There has been an increasing call for an improvement in the English game over the last decade with the increase of foreign players into the Premier League and the failings of the English national team, but how are we perceived by people abroad? Well, Spain and Barcelona’s tricky midfielder Xavi has given his opinion on the English game by saying that although it has improved technically, there are still cultural differences that effect the way we play the game. Does he raise some good points or is it a case of stereotyping?
Firstly, Xavi admires English football and the technical players that this country has produced over the years, with the likes of Chris Waddle, John Barnes and Matthew Le Tissier – with also praise for current players like Gerrard and Scholes amongst others. However, despite saying there was a change in style in our game where defenders no longer play hit and hope to the big centre forward, there are some cultural differences compared with his native Spain. He used the example of Jamie Carragher making a defensive clearance into row Z of the stand which would create a cheer from the crowd, but in Spain it would never be applauded.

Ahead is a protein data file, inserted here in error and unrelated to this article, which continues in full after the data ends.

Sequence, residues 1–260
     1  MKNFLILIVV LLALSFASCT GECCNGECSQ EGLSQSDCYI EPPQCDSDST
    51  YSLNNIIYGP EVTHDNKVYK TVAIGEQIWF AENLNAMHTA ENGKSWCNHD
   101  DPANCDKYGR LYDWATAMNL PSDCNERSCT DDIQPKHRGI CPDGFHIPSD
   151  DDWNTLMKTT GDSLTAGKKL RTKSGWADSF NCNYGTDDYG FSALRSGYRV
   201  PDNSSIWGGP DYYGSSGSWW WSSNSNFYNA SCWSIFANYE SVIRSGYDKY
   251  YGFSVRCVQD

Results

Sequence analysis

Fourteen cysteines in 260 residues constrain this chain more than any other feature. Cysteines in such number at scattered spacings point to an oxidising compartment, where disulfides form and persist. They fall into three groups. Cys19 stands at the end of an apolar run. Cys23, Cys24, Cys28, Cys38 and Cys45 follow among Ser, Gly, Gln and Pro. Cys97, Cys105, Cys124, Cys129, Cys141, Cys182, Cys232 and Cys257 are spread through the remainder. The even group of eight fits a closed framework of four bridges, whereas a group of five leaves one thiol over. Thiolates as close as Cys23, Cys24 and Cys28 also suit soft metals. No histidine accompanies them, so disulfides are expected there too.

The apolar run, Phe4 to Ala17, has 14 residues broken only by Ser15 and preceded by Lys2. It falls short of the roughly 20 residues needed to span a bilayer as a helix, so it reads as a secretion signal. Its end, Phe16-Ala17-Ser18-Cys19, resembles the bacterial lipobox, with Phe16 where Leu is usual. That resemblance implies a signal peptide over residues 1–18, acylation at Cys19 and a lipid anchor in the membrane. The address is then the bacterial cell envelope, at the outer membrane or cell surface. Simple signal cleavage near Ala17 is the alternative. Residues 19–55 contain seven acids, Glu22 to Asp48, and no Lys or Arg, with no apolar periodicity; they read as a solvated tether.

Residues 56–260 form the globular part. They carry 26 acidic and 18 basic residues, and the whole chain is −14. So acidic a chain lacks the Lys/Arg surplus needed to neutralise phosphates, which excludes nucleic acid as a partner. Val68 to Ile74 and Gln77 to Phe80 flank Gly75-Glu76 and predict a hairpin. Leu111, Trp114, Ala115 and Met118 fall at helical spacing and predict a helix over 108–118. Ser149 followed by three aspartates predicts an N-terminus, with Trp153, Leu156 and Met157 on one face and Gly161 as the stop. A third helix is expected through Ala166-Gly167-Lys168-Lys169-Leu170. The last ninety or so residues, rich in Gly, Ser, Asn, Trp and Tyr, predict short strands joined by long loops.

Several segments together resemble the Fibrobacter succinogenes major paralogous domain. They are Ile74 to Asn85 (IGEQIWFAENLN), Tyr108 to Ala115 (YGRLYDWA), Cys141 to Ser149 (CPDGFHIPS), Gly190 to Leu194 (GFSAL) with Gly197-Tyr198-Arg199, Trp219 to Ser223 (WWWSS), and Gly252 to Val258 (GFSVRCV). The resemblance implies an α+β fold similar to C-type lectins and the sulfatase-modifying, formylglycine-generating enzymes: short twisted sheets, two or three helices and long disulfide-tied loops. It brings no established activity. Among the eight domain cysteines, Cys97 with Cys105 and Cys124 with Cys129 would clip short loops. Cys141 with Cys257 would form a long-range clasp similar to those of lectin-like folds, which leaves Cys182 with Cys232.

It is always great when you hear opinions on our football from abroad, especially when they admire our technical players – with the continuing under achievement of the England national team it is nice to be reminded as an English fan that we do have talent and our expectations are not too high. However, I do agree with the point about the football culture we have compared to Spain.
With the likes of Ian Holloway and his new football philosophy which is based on Barcelona’s, it is a step forward into improving our view on how the game is played. Arsene Wenger has helped us become a nation that admires watching attractive, attacking football compared to the common long ball tactics of the past. But if we are to gradually change our football philosophy in this country is there a case for losing our identity in the process? It’s something that is very important to Xavi, who says that although Inter won the Champions League last season, they lacked an identity by just wanting to win, whereas Xavi and his team mates gain satisfaction for how they play football – it’s important to them as winning is.
I believe that Xavi’s comments on our game can be taken quite positively. We do have talented English players and with a changing trend in philosophy, we can start to create a better identity in our football future – starting with applause for technical players showing their creativity on the pitch rather than cheering the ‘if in doubt, kick it out’ motto of old. We can still keep our (as Xavi called it) ‘Warrior’ identity, but with a better focus on celebrating our technically gifted players.